Mine Action Mozambique - August Marusa
Minefields had cut off villagers in Nyazvitanda from clean water and access to fertile farm land.
My name is August Marusa, I am the Community Leader of Nyazvitanda District in the Macate region, Manica province in central Mozambique. The landmines caused us a lot of problems and pain. People within our community became disabled and some died through landmine accidents.
Once a farmer found a mine and took it home to show to his children. It exploded in their house. After the news of this tragedy went around, we were all terrified. The war was a terrible time for those of us that can remember it, yet it’s legacy has continued with the hidden landmines. We live close to long power lines that stretch down to South Africa. They were mined in the war to protect them from sabotage. But the mines were left there. And we had to live with them even after the war had ended.
When APOPO arrived to clear the mines, they asked us to organize a community meeting. This is so that they could discuss with us what they were going to do and how they could do it. But first they needed from us more information about the whereabouts of the mines. We didn’t know their exact position, but we knew the areas to avoid and this assisted them. Some areas where they thought there were mines were grazed by our cattle for years without any incident. So after some further investigation, they were able to say that certain areas did not need clearing and they could concentrate their work on other areas that were more important to us.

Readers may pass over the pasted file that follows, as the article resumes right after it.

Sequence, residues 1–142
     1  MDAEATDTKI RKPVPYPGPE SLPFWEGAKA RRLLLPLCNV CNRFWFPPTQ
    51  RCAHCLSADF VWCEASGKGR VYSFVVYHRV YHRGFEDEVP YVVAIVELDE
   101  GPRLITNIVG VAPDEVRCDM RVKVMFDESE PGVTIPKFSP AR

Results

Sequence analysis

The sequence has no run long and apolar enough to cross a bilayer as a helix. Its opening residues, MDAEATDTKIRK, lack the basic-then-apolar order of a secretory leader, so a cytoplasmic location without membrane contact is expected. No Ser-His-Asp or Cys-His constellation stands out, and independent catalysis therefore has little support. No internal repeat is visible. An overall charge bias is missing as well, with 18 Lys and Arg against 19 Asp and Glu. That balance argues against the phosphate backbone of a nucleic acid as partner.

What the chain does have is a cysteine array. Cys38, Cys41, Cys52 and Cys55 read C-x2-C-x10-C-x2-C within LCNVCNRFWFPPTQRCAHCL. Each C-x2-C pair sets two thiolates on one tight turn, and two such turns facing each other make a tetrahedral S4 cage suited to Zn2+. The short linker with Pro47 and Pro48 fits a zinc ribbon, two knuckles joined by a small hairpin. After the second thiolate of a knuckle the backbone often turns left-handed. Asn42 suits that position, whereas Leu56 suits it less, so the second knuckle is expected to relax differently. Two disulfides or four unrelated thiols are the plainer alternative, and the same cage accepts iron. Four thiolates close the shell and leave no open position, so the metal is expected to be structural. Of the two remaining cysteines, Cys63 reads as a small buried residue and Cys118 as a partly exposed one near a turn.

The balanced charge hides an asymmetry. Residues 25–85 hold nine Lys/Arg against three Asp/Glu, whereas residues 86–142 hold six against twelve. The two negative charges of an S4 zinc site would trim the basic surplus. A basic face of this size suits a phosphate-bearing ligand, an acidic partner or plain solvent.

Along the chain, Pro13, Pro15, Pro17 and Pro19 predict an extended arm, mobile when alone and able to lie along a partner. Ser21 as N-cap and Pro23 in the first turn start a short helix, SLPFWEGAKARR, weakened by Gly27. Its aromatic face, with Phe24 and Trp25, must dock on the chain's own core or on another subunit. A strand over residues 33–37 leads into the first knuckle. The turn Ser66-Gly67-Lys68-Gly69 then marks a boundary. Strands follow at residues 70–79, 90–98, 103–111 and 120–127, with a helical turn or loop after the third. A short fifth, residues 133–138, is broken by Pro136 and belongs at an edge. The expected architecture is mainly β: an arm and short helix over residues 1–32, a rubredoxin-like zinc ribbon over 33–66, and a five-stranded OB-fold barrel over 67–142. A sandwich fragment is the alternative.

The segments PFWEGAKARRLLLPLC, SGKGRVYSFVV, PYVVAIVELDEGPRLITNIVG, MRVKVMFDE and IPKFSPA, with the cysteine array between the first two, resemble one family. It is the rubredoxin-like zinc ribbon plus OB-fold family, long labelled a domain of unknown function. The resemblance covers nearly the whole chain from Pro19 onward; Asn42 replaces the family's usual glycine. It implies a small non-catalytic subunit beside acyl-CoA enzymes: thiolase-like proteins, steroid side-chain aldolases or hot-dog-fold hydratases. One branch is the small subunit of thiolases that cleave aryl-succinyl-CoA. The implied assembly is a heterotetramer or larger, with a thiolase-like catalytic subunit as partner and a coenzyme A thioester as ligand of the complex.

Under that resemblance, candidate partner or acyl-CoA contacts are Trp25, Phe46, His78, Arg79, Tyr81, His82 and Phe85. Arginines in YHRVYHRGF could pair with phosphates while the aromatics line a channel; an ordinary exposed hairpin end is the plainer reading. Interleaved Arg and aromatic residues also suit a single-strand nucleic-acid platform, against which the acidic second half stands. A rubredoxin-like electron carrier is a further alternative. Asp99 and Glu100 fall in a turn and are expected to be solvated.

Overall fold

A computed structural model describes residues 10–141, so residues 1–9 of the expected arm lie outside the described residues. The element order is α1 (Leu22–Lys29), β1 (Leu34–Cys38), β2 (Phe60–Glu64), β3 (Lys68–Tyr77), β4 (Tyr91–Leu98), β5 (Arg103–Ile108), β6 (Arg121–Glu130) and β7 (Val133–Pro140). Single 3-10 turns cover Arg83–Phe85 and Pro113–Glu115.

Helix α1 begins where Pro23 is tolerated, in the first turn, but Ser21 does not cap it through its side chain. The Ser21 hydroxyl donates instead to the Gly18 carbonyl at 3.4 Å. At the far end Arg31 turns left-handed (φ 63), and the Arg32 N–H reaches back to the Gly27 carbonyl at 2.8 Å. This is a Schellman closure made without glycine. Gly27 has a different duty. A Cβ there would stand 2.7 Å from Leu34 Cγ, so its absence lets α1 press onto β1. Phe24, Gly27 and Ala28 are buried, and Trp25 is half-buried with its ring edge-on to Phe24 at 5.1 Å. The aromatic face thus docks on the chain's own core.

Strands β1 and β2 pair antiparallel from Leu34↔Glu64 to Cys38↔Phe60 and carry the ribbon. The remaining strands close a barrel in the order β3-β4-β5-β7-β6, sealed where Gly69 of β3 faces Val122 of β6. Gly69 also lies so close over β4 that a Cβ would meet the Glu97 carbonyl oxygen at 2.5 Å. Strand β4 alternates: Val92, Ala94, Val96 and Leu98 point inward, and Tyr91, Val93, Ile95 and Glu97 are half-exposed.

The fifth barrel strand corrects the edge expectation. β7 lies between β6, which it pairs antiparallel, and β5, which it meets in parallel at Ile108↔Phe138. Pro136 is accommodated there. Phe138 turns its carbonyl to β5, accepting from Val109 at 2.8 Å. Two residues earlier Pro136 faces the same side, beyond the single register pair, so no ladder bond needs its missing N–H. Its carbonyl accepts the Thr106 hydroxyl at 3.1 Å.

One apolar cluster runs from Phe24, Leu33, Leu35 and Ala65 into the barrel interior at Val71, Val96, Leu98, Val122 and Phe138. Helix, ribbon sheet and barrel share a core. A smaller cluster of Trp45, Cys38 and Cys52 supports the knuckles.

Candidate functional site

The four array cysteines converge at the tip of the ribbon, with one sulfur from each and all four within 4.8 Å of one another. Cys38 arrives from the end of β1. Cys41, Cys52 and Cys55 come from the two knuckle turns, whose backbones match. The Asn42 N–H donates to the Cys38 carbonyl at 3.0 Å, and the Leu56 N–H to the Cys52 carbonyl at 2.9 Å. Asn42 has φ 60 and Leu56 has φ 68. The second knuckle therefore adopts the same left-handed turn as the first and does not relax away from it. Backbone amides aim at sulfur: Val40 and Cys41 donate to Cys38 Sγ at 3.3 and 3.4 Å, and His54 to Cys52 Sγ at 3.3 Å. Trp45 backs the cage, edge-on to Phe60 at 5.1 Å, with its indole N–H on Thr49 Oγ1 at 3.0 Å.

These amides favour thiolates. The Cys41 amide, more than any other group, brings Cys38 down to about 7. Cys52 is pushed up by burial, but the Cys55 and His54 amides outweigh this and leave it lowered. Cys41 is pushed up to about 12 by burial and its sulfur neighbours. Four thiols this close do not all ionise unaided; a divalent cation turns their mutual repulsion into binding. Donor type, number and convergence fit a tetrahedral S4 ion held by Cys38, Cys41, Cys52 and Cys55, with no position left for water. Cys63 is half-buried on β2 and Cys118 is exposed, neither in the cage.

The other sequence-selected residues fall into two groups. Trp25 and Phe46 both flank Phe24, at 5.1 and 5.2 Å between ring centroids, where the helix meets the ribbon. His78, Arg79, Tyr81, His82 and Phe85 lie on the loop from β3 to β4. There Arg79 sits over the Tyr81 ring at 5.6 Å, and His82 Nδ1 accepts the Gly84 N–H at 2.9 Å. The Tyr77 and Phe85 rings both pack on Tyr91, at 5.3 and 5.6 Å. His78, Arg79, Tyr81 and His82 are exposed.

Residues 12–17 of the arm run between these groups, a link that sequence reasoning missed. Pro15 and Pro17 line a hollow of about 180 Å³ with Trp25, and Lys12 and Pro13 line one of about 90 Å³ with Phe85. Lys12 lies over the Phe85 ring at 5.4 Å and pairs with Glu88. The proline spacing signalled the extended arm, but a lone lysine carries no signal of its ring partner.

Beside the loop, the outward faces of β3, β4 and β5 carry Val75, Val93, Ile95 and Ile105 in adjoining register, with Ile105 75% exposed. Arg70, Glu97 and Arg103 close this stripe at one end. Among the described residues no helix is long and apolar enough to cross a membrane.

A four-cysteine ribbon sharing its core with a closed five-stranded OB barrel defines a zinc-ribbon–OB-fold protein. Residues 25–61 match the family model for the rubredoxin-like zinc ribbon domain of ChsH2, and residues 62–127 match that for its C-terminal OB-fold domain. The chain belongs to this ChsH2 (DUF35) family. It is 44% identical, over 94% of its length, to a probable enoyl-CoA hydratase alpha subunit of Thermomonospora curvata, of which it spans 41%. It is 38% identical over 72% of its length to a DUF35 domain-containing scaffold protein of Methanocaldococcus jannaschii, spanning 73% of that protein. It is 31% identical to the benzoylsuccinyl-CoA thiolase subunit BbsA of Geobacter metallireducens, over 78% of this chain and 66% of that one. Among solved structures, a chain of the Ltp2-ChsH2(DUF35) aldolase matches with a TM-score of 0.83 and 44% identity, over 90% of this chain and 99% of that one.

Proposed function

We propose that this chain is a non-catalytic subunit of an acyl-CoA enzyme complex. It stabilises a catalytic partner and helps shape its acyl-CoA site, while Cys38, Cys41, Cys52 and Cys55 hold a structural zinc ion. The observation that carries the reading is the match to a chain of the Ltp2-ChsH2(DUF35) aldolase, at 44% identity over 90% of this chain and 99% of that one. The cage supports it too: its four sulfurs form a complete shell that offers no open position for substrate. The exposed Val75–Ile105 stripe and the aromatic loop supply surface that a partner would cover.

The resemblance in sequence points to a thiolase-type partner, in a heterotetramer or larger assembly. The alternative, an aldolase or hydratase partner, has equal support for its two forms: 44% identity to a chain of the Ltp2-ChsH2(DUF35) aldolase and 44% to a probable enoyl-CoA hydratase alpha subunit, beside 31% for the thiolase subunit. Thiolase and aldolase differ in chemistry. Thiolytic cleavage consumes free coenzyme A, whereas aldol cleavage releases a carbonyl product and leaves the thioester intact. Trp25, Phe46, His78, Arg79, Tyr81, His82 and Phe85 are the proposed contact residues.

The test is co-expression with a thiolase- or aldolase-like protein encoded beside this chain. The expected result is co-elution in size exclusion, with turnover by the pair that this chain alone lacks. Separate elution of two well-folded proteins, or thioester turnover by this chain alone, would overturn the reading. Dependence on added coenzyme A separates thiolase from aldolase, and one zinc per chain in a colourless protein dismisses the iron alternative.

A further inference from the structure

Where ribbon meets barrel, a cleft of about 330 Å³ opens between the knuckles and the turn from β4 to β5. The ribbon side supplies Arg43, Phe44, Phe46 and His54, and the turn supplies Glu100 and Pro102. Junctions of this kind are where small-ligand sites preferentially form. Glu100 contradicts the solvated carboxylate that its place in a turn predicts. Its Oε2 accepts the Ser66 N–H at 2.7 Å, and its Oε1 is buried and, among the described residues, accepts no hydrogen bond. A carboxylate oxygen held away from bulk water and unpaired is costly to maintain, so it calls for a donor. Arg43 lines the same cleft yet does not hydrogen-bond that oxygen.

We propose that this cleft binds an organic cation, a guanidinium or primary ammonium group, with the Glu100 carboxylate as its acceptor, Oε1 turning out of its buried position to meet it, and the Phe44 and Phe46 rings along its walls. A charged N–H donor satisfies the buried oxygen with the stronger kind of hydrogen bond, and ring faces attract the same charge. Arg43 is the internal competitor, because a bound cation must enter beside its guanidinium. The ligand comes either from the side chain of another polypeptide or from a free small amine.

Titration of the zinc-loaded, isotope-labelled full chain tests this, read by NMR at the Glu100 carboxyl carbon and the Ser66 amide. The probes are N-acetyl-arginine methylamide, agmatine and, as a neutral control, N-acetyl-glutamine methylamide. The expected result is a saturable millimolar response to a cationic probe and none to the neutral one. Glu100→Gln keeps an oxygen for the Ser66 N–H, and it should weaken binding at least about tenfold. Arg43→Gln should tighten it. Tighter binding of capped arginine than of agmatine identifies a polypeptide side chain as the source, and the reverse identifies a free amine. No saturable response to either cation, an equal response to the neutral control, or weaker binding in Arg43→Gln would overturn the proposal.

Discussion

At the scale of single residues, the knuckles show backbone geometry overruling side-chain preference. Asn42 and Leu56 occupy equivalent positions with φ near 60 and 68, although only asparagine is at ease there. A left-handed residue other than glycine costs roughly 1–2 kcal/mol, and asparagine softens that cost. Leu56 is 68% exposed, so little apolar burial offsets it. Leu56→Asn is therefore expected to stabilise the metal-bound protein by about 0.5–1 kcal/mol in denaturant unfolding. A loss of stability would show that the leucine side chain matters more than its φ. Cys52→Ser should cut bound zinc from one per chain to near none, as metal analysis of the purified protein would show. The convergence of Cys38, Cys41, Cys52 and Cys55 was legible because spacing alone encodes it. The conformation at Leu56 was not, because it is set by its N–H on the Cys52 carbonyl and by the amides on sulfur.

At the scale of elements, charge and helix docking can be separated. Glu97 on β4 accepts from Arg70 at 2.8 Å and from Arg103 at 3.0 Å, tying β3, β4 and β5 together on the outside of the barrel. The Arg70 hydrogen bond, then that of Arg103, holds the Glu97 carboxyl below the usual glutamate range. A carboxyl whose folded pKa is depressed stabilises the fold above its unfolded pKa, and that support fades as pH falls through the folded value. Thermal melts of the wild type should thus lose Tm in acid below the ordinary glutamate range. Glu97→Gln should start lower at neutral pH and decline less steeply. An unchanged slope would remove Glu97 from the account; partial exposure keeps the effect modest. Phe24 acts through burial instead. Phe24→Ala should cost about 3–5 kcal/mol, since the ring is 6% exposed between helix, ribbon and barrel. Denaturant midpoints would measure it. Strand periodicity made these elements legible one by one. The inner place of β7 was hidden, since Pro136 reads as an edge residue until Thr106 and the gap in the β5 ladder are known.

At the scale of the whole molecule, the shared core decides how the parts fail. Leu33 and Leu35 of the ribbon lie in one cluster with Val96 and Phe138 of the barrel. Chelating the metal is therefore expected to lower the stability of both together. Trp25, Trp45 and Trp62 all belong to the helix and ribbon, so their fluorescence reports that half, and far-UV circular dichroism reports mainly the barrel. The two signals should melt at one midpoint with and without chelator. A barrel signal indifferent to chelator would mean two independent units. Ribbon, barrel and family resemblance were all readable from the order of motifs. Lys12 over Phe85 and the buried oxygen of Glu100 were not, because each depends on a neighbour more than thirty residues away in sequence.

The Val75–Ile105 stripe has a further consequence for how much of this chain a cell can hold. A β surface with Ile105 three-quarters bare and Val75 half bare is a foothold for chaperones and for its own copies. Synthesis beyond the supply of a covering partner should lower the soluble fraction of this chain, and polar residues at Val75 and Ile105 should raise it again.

The landmines cut us off from important resources such as water and fertile land that we used to farm. We are not rich people. Our land and livestock are our assets, so if you take these away, or we become injured, our ability to provide for our families is also lost.
APOPO cleared the mines very methodically and efficiently. They used big machines and people with metal detectors. They even used rats that could smell the mines. We were impressed because we thought of rats as dirty pests. But these ones were clever and found the mines very quickly. When APOPO finished they organized a handover ceremony. They told us that the land was now free of all known landmines! We were so happy. APOPO walked on the land to show us it was safe. They believed in their people and rats, so we believed it too. Since then we are back working the land and producing to support our families.